Strategic Foresight is an interdisciplinary skillset concerned with identifying signals of change in uncertain environments. This article argues first that national security professionals need this skillset in this era of ambiguity and unpredictability. In addition, the author identifies several areas where Strategic Foresight can be improved. First, shift analytic focus from technology-focused futures to a more integrated vision of future environments. Second, use lessons from systems thinking to evaluate more accurately the global system. Third, provide more instruction on complexity thinking. Fourth, introduce foresight thinking early in professional development. Fifth, create a unified lexicon of the concepts and terms.


Interim Armored Vehicle “Stryker” and AH-64 Apache helicopters with Battle Group Poland move to secure area during lethality demonstration at Bemowo Piskie Training Area, Poland, June 15, 2018, as part of Saber Strike 18 (U.S. Army/Hubert D. Delany)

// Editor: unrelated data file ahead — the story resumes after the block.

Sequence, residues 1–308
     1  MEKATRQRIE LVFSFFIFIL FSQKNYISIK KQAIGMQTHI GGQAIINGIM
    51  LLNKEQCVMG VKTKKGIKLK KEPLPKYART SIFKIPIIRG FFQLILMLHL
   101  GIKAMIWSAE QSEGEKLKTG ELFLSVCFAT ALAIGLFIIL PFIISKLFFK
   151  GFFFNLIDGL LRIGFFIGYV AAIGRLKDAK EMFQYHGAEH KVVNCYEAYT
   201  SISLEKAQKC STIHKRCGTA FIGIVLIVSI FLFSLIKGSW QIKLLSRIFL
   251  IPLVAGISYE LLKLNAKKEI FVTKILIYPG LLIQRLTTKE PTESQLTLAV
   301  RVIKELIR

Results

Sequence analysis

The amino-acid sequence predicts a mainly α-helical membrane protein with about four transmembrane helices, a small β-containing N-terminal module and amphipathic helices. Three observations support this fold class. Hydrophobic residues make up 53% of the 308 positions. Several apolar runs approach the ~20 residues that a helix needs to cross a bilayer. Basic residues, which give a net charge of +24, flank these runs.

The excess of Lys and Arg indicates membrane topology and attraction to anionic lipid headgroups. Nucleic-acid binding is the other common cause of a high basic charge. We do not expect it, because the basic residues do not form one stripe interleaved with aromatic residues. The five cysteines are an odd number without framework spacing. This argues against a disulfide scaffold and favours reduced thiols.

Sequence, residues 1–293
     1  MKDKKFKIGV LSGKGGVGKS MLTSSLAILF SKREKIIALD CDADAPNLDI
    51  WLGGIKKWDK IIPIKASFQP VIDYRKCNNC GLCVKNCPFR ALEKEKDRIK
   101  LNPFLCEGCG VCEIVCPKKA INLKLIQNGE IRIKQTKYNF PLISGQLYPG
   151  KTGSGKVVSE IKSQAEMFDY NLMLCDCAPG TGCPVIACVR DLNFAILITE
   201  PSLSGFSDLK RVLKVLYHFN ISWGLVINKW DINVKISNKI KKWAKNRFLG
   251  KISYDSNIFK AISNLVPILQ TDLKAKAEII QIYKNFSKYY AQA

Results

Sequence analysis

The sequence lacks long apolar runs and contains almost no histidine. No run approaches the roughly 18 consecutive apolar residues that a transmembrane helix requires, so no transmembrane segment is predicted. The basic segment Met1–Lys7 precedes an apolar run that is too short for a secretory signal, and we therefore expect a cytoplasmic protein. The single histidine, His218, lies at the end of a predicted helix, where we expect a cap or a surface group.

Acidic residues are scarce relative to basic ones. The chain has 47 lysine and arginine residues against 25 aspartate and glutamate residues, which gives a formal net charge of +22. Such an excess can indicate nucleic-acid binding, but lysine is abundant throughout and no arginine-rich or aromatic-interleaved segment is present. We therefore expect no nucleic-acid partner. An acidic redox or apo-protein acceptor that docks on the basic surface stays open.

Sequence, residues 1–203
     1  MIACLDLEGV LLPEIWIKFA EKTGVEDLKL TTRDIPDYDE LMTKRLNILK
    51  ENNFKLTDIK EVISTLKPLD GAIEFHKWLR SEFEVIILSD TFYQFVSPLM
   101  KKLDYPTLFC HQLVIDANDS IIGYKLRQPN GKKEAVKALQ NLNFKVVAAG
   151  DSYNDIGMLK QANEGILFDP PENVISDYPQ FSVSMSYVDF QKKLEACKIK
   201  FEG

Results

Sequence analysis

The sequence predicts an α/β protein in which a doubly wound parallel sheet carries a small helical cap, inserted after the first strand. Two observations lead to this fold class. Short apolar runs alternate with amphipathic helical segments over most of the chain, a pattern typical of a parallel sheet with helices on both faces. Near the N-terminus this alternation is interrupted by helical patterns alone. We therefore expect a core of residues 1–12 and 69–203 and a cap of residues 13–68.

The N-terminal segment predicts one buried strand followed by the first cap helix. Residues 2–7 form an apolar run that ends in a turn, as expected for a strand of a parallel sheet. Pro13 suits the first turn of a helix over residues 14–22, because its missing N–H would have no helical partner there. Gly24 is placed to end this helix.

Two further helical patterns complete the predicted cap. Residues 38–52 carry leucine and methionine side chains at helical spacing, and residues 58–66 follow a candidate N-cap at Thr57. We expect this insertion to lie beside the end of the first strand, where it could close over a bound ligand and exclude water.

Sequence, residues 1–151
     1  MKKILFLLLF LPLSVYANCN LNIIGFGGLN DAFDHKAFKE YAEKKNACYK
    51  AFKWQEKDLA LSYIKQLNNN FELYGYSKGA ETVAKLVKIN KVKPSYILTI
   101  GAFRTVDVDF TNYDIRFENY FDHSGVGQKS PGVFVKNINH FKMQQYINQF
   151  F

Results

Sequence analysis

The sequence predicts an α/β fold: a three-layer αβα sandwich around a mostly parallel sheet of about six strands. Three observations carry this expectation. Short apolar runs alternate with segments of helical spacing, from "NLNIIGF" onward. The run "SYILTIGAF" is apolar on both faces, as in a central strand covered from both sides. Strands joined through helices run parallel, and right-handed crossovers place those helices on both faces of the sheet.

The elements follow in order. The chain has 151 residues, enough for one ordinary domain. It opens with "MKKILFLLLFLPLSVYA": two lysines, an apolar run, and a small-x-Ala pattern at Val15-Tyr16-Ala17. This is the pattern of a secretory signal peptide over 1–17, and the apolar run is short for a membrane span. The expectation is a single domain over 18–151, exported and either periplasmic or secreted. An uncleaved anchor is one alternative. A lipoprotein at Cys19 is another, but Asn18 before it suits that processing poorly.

Strengthening Mission Assurance Against Emerging Threats: Critical Gaps and Opportunities for Progress

By Paul N. Stockton with John P. Paczkowski

The Department of Defense (DOD) 2012 Mission Assurance Strategy does not account for the risk that cyberattacks on critical infrastructure could degrade mission execution. Adversaries are rapidly improving their ability to attack such infrastructure by accessing industrial control systems and exploiting other cyber vulnerabilities. At the same time, US infrastructure systems are becoming increasingly interdependent, heightening the risk of cascading failures across multiple sectors on which the Department depends. The department must strengthen the culture of mission assurance, say the authors, by bringing cybersecurity into the heart of mission assurance and extending such initiatives to all overseas defense installations.


Essay Competitions